Lin Peiqian, a mother in Shanghai, said: "My husband and I arrive home after work no earlier than 7 pm. There are three hours when my 4-year-old son and 2-year-old daughter can only stay with grandparents or the nanny. So I'd rather send them to learn something."

Lin said she and her husband spend about 40,000 yuan (US$5,836) a year for both children to attend English classes.

Standard varies

Some parents said they had encountered problems at educational institutions, including foreign teachers who frequently changed jobs and some who were obviously not native English speakers.

Li said she worked part time at an institution in the summer holidays, when the number of foreign teachers was insufficient to meet the sharp growth in the number of pupils.

A woman from South Africa teaches English at a primary school in Changxing county, Zhejiang province. (XU YU/XINHUA)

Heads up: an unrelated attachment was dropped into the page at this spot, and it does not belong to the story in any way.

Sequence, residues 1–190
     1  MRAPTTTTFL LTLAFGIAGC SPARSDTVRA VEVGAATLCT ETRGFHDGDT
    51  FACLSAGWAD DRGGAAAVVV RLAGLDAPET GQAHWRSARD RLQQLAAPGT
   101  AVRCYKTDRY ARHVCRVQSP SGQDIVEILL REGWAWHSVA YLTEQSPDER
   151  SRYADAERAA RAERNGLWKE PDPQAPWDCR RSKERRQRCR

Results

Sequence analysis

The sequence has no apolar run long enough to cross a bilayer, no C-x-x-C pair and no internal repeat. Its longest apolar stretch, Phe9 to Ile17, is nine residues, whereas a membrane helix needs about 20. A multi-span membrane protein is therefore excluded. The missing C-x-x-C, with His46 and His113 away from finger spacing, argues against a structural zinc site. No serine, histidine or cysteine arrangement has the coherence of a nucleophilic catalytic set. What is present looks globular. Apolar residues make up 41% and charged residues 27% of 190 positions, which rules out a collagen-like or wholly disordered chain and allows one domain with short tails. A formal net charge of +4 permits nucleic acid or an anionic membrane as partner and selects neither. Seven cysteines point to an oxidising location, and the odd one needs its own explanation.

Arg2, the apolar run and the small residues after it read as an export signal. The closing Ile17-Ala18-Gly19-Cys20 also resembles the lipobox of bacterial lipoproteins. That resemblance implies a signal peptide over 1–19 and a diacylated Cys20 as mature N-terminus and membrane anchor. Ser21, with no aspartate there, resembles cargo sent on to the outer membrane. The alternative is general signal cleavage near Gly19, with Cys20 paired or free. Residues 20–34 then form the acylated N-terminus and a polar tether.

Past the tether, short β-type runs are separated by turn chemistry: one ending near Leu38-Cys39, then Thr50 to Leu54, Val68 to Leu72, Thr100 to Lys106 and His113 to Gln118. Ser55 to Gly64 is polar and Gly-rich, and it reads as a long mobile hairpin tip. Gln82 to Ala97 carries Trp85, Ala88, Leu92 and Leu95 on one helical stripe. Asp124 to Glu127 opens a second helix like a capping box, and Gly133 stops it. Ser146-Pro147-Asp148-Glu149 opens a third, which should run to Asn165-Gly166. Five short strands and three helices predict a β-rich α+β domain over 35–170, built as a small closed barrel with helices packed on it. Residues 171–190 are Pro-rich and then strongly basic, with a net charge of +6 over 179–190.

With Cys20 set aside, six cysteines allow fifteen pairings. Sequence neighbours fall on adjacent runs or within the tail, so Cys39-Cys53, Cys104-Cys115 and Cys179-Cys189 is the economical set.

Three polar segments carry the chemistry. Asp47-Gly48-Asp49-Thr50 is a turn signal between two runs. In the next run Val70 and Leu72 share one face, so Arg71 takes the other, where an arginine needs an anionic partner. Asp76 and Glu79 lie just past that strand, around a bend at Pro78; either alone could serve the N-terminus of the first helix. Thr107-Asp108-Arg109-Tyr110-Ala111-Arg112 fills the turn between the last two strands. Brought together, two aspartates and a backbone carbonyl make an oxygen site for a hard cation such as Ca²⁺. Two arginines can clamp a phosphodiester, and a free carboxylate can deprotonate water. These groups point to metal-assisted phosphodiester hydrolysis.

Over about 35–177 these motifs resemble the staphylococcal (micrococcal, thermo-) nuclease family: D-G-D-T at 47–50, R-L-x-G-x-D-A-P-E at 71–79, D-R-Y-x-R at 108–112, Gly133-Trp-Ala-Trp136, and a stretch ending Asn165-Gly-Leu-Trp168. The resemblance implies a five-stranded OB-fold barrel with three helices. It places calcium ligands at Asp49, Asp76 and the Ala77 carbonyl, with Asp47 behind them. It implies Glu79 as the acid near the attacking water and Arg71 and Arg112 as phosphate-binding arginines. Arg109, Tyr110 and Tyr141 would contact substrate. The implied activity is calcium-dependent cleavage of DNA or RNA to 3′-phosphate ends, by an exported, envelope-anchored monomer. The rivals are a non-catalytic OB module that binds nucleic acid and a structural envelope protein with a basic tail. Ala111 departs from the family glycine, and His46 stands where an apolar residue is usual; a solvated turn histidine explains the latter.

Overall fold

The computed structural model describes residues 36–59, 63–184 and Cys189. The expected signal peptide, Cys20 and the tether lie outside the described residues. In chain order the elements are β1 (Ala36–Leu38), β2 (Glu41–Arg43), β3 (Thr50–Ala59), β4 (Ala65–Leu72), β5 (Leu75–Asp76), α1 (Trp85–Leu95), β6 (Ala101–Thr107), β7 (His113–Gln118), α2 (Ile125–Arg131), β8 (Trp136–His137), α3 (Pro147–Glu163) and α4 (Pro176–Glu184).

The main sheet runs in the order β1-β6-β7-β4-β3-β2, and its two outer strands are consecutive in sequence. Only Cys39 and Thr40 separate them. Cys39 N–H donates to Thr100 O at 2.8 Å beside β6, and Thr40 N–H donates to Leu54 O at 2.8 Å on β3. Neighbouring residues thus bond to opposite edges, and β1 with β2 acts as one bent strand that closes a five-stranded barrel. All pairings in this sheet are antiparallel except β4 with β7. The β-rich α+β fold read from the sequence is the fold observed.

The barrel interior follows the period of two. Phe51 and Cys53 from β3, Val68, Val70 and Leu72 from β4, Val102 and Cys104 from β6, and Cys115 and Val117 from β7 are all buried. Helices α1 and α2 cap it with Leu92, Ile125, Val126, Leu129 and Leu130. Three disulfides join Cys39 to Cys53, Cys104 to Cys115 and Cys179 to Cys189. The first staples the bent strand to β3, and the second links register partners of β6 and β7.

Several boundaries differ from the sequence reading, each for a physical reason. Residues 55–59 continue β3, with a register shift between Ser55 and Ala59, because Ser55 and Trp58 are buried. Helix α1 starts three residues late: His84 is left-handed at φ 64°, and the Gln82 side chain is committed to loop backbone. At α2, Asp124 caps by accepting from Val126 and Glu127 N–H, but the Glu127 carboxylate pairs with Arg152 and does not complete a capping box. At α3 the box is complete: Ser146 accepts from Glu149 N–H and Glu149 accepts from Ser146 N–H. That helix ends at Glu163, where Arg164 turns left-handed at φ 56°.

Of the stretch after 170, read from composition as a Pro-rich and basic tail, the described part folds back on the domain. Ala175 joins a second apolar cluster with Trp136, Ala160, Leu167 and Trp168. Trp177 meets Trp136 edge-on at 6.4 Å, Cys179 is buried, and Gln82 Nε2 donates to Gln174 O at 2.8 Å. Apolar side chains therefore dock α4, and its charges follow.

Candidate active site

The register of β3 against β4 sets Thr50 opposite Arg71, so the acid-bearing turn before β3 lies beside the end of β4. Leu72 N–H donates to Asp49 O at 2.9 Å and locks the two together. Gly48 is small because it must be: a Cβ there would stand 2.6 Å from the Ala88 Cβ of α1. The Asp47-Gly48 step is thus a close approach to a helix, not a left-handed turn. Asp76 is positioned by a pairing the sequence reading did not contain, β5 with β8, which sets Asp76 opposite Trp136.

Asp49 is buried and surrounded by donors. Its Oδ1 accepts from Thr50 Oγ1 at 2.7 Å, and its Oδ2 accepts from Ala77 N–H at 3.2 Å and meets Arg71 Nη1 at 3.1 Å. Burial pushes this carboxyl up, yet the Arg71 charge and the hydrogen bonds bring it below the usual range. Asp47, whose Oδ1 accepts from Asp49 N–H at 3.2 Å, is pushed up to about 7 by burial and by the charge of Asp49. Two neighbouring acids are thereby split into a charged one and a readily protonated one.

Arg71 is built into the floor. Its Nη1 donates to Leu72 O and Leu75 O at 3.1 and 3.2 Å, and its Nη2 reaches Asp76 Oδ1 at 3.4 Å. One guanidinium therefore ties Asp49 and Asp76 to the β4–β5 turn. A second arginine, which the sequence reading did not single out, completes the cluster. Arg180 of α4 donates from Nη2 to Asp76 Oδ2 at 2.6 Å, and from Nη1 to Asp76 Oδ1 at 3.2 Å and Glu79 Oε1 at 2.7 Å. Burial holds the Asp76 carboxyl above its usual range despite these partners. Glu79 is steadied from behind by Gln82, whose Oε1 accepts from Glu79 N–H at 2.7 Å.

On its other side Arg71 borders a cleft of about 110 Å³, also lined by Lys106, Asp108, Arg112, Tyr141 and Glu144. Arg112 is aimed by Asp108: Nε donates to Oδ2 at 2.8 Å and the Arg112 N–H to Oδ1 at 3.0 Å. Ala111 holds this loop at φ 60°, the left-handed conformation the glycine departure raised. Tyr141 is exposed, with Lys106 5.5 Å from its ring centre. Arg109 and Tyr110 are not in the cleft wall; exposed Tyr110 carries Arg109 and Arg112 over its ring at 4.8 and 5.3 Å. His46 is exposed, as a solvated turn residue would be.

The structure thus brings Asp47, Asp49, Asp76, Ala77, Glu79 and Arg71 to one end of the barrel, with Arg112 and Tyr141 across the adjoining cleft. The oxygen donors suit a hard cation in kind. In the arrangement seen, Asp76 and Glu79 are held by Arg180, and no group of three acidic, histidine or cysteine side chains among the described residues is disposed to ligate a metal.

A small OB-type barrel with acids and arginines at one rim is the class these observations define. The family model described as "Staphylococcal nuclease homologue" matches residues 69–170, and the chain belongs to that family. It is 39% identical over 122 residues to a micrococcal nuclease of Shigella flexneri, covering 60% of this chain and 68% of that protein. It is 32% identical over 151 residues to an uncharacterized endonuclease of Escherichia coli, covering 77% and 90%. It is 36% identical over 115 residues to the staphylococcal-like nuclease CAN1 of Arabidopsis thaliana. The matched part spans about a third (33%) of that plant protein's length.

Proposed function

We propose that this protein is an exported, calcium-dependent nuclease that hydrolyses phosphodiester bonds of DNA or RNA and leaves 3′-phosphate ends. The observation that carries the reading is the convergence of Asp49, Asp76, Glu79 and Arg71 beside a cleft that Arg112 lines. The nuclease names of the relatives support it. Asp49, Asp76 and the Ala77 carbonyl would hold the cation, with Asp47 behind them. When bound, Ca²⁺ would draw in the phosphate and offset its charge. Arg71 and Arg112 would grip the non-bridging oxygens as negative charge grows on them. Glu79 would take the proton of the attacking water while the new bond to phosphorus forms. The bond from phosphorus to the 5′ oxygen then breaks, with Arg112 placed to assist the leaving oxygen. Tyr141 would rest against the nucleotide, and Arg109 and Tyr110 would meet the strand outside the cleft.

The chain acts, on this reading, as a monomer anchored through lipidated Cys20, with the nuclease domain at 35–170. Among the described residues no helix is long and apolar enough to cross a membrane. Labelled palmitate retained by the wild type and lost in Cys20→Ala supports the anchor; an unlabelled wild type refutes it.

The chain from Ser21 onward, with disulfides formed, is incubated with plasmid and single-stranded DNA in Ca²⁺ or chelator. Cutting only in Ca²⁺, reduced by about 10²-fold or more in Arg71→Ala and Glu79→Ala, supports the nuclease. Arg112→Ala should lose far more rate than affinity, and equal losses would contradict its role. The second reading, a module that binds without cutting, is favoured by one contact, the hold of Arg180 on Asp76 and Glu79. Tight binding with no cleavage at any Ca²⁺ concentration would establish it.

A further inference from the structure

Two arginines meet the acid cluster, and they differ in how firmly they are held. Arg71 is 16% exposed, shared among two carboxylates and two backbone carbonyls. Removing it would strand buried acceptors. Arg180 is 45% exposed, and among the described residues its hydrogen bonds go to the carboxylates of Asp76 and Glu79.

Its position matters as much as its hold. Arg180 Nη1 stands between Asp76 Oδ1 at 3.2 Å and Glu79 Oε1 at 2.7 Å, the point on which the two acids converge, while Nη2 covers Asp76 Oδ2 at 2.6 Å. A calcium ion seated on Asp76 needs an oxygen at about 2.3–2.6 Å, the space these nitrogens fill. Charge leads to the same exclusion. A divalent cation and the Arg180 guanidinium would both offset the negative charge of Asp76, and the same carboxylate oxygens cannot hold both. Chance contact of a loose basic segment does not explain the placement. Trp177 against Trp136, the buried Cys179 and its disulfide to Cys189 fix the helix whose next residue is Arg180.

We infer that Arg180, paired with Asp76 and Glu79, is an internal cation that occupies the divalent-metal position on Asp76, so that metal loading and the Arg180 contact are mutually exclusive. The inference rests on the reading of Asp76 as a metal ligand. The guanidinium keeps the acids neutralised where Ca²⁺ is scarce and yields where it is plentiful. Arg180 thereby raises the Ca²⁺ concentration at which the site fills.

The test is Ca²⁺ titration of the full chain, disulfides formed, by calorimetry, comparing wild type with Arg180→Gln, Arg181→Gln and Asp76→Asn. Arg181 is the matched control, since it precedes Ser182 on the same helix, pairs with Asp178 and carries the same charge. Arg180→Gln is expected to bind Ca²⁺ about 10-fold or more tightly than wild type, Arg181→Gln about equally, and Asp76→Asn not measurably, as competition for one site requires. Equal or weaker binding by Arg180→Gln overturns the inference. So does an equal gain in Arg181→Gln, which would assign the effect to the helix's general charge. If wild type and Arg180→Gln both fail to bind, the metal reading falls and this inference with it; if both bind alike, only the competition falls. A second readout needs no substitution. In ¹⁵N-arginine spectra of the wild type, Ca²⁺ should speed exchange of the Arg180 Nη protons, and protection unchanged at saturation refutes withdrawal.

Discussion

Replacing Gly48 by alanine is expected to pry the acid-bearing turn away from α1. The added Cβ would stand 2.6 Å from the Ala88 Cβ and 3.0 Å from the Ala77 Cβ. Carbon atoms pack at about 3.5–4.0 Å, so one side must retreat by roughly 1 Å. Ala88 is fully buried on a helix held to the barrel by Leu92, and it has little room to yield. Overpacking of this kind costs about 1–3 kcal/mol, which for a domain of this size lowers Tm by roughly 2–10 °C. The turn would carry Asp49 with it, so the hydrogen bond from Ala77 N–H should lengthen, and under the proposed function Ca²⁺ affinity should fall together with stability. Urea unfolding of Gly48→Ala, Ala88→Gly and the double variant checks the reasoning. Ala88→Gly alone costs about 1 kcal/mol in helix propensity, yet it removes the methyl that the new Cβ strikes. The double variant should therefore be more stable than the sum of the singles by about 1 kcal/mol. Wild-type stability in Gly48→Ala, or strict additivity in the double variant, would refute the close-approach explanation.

"The standard of foreign teachers varied greatly, and the threshold was not high. But in their advertisements, each institution said it only hired native speakers with teaching experience of a certain number of years," she said.

A foreign teacher working at an institution in Shanghai, who gave his name only as James, said he is an exchange scholar on an educational program at a nearby university. He chose to work at the institution to enrich his experience in China.

"I had previously worked as a one-on-one home tutor for Chinese kids. I now have the opportunity to meet more children and their families," said James, who comes from the United Kingdom.

He said that some colleagues are clearly not native English speakers and have passports issued by a range of countries. But some of them have TESOL (Teaching English to Speakers of Other Languages) or TEFL (Teaching English as a Foreign Language) qualifications.